20.2. Replication Models
We have three different models available to us in replication. They trade off between the notions of latency, autonomy, and some of the other considerations we discussed earlier in the chapter. Deciding which to choose is something of a balancing act between:
Degree of autonomy — Is there a constant connection available between the servers? If so, what kind of bandwidth is available? How many transactions will be replicating?
Conflict management — What is the risk that the same data will be edited in multiple locations either at the same time or in between replicated updates? What is the tolerance for data on one or more of the replicated servers disagreeing?
Some replication scenarios don't allow for connectivity except on a sporadic basis — others may never have connectivity at all (save, perhaps, through what is sarcastically referred to as "sneaker net" — where you run, mail, fly, or the like, a disk or other portable storage medium from one site to another). Other replication scenarios have an absolute demand for perfectly consistent data at all sites with zero data loss.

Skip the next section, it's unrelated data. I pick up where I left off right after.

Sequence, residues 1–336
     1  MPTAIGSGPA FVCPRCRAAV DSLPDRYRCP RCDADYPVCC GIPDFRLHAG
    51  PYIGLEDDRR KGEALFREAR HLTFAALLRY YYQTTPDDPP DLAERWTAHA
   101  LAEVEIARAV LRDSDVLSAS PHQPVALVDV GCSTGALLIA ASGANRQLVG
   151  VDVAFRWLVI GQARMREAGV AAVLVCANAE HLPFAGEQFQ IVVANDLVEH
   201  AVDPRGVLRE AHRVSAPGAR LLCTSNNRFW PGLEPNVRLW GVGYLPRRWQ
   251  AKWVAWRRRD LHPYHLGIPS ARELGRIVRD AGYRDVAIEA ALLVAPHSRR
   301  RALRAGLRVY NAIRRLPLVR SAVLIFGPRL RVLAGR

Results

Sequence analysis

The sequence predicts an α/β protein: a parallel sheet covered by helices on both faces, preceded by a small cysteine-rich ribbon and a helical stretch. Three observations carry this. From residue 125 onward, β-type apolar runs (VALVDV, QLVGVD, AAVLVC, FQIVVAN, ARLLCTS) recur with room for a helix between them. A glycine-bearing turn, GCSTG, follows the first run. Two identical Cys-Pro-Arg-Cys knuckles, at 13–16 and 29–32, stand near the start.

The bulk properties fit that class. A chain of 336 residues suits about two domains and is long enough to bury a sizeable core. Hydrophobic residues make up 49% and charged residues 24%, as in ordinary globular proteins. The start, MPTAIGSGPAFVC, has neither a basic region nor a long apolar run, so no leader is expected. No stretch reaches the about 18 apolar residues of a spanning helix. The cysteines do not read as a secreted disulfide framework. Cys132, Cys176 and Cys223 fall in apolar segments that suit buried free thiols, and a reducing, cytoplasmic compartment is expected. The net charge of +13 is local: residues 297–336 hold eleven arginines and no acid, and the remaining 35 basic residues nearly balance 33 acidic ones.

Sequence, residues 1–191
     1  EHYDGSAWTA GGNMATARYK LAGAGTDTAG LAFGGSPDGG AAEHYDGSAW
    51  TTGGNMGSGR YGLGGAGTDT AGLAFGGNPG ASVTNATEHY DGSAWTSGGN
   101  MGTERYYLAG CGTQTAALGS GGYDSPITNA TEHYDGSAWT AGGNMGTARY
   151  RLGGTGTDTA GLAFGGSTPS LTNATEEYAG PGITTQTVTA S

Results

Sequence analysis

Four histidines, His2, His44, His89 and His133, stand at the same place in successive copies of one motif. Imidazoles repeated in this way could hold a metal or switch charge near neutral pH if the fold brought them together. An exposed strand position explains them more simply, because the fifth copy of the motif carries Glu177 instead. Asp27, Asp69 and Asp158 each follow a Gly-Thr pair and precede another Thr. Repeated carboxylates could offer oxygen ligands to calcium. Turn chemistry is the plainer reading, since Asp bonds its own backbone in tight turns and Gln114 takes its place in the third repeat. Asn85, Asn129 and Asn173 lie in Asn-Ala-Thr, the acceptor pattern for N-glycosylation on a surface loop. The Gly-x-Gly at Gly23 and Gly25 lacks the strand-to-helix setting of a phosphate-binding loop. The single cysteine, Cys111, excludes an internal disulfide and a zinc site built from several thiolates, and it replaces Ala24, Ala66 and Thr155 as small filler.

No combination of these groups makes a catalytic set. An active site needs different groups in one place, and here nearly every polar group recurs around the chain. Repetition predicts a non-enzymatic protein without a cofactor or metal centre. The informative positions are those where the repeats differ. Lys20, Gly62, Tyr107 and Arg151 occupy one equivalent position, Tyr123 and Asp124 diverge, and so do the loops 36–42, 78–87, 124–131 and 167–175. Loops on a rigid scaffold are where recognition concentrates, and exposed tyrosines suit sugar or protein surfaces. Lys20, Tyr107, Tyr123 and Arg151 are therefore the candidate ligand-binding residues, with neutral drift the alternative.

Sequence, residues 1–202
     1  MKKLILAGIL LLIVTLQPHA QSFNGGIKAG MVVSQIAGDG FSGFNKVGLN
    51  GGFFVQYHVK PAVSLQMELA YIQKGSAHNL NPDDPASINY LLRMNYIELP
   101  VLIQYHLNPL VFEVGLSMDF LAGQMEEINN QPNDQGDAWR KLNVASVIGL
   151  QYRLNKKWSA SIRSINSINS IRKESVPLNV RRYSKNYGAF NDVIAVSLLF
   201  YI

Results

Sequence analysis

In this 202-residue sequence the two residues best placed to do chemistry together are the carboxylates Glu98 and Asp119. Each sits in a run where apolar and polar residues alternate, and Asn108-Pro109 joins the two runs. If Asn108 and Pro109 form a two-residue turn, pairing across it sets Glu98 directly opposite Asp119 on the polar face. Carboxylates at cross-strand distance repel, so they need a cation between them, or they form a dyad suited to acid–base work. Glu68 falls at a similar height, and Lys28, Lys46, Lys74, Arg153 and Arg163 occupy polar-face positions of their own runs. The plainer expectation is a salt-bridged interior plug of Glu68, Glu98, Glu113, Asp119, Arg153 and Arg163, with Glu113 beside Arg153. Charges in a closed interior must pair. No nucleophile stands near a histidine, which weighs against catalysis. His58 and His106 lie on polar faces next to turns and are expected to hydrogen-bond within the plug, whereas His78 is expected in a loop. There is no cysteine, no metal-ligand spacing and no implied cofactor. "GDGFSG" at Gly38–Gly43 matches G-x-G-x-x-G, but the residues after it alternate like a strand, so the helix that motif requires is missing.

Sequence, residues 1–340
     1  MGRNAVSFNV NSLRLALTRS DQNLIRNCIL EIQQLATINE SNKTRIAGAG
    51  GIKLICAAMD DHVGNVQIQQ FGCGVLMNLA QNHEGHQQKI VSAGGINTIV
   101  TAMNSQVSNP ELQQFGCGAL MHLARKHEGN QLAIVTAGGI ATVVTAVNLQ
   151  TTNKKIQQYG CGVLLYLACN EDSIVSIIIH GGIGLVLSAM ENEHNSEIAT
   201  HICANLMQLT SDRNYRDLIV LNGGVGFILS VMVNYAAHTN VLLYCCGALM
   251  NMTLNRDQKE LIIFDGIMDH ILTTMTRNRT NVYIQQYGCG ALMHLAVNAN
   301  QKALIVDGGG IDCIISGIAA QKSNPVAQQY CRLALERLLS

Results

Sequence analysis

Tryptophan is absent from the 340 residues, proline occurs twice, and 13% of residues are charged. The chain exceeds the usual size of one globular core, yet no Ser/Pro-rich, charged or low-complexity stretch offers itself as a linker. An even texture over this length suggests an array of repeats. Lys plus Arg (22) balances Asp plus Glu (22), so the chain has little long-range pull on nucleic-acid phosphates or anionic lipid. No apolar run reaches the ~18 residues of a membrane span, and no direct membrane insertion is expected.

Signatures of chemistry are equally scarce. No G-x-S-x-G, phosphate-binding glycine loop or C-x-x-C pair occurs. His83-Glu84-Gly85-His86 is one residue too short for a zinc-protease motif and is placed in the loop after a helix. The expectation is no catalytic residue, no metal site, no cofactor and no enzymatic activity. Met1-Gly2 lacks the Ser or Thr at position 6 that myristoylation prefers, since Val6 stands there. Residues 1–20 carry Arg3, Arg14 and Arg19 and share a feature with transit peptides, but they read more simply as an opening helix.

From highest to lowest in autonomy, the three models are:
Let's look at the pros and cons of each replication model, outlining situations where it would be an appropriate solution and any data integrity concerns.
It's important to note that you can mix and match the replication types as necessary to meet your implementation ...